Very tight vote in UK Lower House on ID card

By EDRi · October 20, 2005

The UK ID card proposals have come closer than ever to defeat in their
final House of Commons vote. The government’s majority shrunk from the
previous vote by 11 votes to 25, despite several concessions over cost and
claims to improve privacy protection.

The legislation now moves to the House of Lords, where it is certain to
face sustained attack from the House’s majority of Conservative, Liberal
Democrat and independent peers. The close vote in the Commons will
encourage the Lords in their efforts to amend and defeat the Bill. Debate
is likely to take place at the end of October 2005.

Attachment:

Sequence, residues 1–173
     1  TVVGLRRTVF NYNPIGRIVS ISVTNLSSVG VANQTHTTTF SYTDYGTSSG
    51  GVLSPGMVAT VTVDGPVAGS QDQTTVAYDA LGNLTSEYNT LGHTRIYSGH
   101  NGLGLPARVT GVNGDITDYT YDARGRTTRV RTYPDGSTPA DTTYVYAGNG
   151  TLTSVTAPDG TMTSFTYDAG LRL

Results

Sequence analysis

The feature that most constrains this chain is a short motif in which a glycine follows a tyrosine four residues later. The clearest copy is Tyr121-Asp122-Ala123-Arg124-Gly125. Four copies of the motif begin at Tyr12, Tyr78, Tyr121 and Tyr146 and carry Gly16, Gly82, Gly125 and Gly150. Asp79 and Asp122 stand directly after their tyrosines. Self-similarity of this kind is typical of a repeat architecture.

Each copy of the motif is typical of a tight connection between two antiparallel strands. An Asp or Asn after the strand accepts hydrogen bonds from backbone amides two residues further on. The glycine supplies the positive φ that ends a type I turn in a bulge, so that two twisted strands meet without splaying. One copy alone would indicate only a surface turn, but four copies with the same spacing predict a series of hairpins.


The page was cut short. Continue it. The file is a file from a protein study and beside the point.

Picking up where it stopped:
The Government continues to claim that the scheme is “voluntary” and would
not hold detailed personal information. In the current version, it would
not be compulsory to buy or carry ID. However, the Bill leaves open the
possibility that ID Cards could be made compulsory at a later date and
government has stated that this is their ultimate intention. Moreover, all
applicants for passports and potentially for driving licences and criminal
background checks would automatically be registered. A Home Office
Minister claimed that “It is not our intention to create a database that
will seek to hold detailed personal profiles on every individual,”
entirely missing the point that other government databases such as those
holding medical records and police files will be linked up using the ID
card number.

No to ID campaign

(Contribution by Ian Brown, EDRI board member)